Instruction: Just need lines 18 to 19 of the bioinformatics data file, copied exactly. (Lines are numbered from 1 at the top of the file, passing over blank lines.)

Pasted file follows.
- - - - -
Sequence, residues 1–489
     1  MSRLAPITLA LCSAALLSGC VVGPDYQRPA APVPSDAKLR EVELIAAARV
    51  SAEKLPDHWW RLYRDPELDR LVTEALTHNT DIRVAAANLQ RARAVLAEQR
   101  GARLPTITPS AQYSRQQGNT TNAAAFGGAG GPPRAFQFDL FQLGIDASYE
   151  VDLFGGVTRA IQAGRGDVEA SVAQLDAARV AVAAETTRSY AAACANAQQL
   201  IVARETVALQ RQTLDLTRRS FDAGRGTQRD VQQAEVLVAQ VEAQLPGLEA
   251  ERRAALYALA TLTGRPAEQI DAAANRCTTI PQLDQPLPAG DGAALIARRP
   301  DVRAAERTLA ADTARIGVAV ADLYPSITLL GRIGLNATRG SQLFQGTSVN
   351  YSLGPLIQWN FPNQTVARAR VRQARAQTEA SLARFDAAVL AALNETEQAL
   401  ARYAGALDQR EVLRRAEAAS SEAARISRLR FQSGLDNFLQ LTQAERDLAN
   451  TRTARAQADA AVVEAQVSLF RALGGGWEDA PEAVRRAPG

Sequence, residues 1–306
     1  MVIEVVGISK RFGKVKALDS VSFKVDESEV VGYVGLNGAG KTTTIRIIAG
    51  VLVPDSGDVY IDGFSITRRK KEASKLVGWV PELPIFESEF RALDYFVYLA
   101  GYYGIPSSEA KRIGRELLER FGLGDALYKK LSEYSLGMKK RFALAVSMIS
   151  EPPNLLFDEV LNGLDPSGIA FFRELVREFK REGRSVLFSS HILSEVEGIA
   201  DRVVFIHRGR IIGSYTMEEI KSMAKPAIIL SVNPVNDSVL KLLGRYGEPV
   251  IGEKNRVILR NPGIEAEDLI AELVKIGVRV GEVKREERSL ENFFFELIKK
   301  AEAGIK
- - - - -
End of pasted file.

   251  IGEKNRVILR NPGIEAEDLI AELVKIGVRV GEVKREERSL ENFFFELIKK
   301  AEAGIK